Source: right: The short-term handstamp, "CD" Postmark Bulletin, London Special Handstamp Centre, Ref 13298.
Source: left: Envelope front to Mr Sly, dated 1st October 1869. John Wilson Manuscripts

The postbox was officially opened by great-great granddaughter Marion Dickens who said on posting the first letter:
"In our digital world, handwritten letters are more appreciated than ever. Being able to post mine in the letterbox regularly used by my great-great-grandfather makes me feel thrillingly close to him.

He wrote a dozen letters every day and made excellent use of this box, and the new postal services that were developing all over the country in his lifetime.

144 years after he posted his last letter from Gad’s Hills, it’s wonderful that the Royal Mail have made it possible for me to do exactly the same..."
Source: The postbox of Christmas past: Royal Mail recommissions Charles Dickens’ postbox

Source: Charles Dickens’s personal postbox, outside his Kent home, has been recommissioned ahead of Christmas. Photograph: Royal Mail/PA

Source: Video at YouTube: Charles Dickens postbox reopened at Gad's Hill

Connections past and present
On January 18th, 2014, this weblog posted an article with reference to two of Charles Dickens' letters complaining about his neighbour, retired master mariner Captain Edward Goldsmith at Gadshill, in the village of Higham, Kent (UK). The first letter dated 1857 concerned Captain Goldsmith's monopoly of the water supply in the village, and the second dated 1859 concerned the location of the village mailbox outside Captain Goldsmith's house. It took just a few months in 2014, from January when we first posted the reference to Captain Goldsmith and the Higham mailbox in Charles Dickens' letters, to December 2014 when this now famous mailbox found restitution as a fully operational service of the Royal Mail. Perhaps we played a small part in bringing the mailbox back into service. Our generous Captain Goldsmith, without doubt, is the ancestor who keeps on giving.

For Captain Goldsmith's nieces Elizabeth Rachel Day and Mary Sophia Day, daughters of Captain Goldsmith's wife's brother, Captain James Day back in Tasmania, the relocation of the mailbox from Captain Goldsmith's house to the wall outside Dickens' house in 1859 would have been more than newsworthy concerning this famous neighbour of their illustrious uncle. It meant he would not be as closely associated with their family mail arriving and leaving the village as before. Both nieces at Captain Goldsmith's death in 1869, including photographer Thomas Nevin, husband of his niece Elizabeth Rachel Day, were named as beneficiaries to eleven houses in Vicarage Row (Kent) in Captain Goldsmith's will, an indication that correspondence between these family members in Hobart  Tasmania and Higham Kent was constant from February 1856 when Captain Goldsmith, his wife Elizabeth and son Edward Goldsmith jnr departed Tasmania for good to settle permanently at Gadshill.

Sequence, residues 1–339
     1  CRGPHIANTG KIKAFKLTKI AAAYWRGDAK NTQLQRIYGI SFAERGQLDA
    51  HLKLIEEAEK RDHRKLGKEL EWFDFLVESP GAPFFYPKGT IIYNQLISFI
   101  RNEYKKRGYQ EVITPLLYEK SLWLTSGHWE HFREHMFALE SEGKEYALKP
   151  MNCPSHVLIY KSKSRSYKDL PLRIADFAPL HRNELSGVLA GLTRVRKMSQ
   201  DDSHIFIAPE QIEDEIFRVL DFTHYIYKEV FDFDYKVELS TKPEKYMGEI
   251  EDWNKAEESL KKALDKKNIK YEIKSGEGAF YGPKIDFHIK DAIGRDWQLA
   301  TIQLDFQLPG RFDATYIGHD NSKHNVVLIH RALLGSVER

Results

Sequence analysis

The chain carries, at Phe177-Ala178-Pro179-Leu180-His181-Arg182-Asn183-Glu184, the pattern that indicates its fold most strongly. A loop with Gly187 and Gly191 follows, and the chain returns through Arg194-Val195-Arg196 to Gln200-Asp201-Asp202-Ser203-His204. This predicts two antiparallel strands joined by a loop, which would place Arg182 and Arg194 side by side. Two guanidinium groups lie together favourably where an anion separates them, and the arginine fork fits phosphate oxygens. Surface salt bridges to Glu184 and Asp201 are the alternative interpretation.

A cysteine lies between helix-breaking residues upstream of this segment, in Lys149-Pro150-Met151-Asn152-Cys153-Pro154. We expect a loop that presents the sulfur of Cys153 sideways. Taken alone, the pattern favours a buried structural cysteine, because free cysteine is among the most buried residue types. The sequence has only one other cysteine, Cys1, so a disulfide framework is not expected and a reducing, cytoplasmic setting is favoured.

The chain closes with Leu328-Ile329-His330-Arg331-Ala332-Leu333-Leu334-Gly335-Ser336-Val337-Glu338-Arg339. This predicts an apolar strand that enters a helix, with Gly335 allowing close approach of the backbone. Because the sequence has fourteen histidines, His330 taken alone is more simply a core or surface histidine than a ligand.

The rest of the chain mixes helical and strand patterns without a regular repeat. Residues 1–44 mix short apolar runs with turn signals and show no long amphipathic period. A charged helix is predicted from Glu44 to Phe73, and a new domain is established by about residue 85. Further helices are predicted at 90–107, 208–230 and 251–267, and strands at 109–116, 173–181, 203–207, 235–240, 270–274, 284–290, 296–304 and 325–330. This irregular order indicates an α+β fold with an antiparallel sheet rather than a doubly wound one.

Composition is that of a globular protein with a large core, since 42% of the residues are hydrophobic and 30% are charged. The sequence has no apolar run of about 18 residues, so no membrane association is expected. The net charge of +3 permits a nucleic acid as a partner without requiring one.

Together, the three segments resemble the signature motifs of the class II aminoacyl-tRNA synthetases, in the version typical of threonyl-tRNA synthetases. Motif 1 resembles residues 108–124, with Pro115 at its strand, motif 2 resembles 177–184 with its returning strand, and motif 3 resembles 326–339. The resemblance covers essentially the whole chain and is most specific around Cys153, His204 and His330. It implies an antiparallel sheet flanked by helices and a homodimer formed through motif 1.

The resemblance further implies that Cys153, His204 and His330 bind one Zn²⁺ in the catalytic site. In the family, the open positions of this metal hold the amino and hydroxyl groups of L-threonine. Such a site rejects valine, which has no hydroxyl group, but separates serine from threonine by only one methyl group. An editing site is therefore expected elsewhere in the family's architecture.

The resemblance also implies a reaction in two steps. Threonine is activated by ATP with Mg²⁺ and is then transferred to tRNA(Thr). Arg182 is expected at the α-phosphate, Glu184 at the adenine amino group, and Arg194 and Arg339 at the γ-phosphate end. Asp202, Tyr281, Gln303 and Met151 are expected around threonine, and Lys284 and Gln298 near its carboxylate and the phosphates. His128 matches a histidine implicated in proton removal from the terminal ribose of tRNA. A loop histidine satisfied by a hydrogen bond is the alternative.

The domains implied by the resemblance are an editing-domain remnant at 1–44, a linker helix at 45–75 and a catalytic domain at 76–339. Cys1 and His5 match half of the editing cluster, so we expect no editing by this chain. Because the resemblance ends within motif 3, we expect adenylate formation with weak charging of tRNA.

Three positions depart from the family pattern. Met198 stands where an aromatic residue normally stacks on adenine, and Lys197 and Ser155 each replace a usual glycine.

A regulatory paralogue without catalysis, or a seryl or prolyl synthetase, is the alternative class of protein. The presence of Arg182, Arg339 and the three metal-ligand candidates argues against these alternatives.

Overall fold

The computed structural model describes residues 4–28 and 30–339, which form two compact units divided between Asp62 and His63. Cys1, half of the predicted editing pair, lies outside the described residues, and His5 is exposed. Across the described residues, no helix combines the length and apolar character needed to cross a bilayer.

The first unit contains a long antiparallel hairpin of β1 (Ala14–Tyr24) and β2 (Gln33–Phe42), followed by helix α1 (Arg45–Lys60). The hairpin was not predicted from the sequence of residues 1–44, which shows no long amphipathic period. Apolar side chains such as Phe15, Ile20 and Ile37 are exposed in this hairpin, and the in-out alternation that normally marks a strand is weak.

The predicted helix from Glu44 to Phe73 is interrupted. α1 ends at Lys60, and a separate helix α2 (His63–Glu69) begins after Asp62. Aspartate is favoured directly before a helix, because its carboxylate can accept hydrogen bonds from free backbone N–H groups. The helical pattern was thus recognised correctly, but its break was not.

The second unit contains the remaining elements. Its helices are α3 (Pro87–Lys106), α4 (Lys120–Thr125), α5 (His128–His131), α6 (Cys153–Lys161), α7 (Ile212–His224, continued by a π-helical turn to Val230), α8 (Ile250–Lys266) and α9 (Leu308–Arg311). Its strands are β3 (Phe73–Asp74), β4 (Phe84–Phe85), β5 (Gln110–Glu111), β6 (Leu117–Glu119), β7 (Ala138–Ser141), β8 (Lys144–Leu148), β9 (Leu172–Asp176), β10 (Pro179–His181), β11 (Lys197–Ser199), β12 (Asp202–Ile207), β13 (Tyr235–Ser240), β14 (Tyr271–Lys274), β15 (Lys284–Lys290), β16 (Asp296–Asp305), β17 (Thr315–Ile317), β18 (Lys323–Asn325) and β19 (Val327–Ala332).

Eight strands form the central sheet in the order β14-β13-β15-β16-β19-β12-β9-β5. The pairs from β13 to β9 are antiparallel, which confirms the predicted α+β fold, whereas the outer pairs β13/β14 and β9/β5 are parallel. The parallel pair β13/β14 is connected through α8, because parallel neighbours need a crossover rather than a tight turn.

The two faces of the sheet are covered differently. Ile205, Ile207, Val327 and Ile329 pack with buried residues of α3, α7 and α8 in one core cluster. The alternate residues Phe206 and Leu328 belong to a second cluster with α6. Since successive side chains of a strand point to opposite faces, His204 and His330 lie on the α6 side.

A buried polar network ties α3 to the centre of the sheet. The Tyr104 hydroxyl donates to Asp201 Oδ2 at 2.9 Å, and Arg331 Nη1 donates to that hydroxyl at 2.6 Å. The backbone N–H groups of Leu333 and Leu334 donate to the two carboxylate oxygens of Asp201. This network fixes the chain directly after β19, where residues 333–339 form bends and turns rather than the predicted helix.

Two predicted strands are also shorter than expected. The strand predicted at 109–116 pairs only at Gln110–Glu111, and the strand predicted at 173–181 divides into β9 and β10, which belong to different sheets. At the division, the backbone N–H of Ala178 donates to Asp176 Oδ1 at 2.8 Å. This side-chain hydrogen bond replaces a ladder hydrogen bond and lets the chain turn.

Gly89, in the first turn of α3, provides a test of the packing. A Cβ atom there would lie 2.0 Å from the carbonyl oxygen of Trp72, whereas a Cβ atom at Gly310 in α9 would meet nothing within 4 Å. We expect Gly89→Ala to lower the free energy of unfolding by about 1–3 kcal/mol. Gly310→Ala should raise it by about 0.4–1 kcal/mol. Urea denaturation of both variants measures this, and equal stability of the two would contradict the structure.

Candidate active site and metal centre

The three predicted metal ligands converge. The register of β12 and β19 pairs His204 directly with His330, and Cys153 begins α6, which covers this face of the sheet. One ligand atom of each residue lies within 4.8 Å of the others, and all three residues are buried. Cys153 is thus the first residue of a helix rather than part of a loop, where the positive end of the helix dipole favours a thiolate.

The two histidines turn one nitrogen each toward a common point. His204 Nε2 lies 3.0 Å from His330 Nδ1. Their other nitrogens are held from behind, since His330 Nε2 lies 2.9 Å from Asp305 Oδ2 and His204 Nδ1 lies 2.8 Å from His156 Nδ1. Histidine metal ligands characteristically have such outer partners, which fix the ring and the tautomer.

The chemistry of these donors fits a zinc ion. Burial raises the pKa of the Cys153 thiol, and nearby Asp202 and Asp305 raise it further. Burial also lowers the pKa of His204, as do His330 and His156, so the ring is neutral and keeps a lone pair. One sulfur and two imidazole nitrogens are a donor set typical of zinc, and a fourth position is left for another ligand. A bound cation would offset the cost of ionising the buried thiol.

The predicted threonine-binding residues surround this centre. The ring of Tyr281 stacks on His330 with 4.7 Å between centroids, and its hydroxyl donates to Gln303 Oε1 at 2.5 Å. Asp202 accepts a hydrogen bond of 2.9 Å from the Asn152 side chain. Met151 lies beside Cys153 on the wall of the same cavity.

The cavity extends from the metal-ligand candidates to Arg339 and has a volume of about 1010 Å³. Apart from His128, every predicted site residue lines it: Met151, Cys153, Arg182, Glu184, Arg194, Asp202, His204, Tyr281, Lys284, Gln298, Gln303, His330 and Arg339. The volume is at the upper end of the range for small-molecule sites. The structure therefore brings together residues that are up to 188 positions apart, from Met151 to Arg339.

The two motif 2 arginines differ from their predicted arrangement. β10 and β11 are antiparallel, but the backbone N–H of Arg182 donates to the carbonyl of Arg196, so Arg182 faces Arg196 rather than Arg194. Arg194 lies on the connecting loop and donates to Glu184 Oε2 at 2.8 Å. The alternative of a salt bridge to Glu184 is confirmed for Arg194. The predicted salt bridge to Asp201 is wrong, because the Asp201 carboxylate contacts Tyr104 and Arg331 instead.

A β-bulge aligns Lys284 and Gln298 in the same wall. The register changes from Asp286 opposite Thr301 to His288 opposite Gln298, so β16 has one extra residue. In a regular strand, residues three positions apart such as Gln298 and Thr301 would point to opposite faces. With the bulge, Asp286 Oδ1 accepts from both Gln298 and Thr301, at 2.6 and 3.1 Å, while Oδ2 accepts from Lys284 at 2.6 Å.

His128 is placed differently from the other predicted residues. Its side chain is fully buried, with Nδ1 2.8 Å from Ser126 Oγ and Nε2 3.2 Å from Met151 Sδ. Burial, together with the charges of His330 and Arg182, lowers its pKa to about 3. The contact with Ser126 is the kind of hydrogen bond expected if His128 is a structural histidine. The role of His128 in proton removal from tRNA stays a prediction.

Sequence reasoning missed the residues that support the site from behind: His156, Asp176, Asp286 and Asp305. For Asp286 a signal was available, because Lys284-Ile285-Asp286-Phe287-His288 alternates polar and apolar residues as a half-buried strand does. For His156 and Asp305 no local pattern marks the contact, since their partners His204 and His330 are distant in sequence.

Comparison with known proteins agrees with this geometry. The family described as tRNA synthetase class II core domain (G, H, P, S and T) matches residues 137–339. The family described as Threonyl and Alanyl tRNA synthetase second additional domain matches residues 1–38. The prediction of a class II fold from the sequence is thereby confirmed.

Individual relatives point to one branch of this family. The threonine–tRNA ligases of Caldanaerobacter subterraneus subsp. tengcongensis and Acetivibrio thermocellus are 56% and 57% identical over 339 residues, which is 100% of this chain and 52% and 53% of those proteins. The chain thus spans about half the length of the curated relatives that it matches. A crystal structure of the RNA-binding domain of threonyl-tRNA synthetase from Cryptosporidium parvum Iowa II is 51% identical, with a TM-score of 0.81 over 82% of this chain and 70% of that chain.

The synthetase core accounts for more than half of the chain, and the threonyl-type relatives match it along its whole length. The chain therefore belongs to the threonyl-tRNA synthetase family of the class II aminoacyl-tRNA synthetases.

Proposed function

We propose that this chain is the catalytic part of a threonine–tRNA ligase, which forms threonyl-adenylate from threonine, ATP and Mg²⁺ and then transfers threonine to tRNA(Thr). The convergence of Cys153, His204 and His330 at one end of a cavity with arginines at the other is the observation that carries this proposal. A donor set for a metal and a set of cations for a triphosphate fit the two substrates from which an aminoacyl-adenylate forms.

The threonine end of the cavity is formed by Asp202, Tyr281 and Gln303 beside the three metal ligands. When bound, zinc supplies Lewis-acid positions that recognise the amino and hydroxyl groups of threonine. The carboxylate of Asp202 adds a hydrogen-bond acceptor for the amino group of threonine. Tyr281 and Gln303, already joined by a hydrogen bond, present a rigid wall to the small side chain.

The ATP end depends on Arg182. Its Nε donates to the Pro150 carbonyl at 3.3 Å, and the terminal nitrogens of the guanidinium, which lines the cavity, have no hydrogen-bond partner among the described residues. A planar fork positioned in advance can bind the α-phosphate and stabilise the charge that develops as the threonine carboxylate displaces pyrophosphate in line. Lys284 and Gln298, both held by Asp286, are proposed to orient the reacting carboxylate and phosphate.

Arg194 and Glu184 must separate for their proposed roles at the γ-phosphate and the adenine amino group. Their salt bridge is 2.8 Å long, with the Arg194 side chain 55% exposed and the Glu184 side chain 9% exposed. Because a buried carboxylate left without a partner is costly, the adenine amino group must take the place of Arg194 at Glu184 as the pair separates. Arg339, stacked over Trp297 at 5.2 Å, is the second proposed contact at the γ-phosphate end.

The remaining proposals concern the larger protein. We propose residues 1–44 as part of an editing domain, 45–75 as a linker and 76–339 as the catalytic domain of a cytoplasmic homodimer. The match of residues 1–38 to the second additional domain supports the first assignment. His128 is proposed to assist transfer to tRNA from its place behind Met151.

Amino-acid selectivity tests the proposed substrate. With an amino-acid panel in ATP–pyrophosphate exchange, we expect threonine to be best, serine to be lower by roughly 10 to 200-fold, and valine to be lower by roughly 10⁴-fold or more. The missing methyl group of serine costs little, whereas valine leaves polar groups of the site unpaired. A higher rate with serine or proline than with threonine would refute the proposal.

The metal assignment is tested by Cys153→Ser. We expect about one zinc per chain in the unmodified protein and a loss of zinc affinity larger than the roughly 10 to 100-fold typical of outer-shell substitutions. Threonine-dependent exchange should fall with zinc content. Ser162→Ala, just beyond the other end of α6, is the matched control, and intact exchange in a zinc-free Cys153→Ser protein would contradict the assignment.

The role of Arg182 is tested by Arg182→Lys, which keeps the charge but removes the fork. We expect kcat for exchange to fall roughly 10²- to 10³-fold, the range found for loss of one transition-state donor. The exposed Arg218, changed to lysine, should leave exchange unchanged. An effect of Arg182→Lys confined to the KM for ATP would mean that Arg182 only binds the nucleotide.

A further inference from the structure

Extracts from Captain Edward Goldsmith's will:

Pages 1,Captain Edward Goldsmith's will, 1871 and Bill of Complaint 1872
(Ref: National Archives UK C16/781 C546012)
TRANSCRIPT Frontispiece  1872
1872 D. 50
In Chancery
Between Mary Sophia Day (an infant under the age of 21 years) by Thomas Butler her next friend .. Plaintiff
Elizabeth Goldsmith, William Bell Bentley, Alfred Bentley, Edward Goldsmith and Sarah Jane his wife, Caroline Tolhurst, Matilda Tolhurst (inserted), Edward Tolhurst, Richard Tolhurst and Thomas Nevin and Elizabeth Rachel his wife (the four last named defendants being out of the jurisdiction of this Honorable Court) ... Defendants
I the undersigned Thomas Butler of No. 9 The Grove Gravesend in the County of Kent Genteleman (inserted) hereby authorize and request you Mr Thomas Sismey of No. 11 Sergeants Inn Fleet Street in the City of London Solicitor to institute the above suit on behalf of the above named infant plaintiff Mary Sophia Day who is now residing at Hobart Town in Tasmania and is a spinster and to use my name as her next friend for such purpose
Dated this twenty fifth day of March 1872
Thomas Butler

Page 4 of Captain Goldsmith's will re Vicarage Row.

Captain Goldsmith's will to bequeath 11 houses to Thomas and Elizabeth Nevin in Vicarage Row, near Gravesend. Google maps 2013.

On retirement from the merchant marine trade in 1856, Captain Edward Goldsmith (1808-1869) returned to the area around Chalk in Kent where he was born, settling back at Higham with Elizabeth his wife, to oversee his extensive freehold and leasehold properties. They were resident once more at Gads Hill House by 1857 when Charles Dickens made mention of Captain Goldsmith's abundant water supply, but by the 1861 Census, the Goldsmiths' were resident at Higham Lodge while renovations were made to Gads Hill House. The brick wall of Higham Lodge is visible in this postcard view (1905), adjacent to the Sir John Falstaff Inn at the corner of Telegraph Hill and Gravesend Road when the inn's wall was plastered with theatrical bills.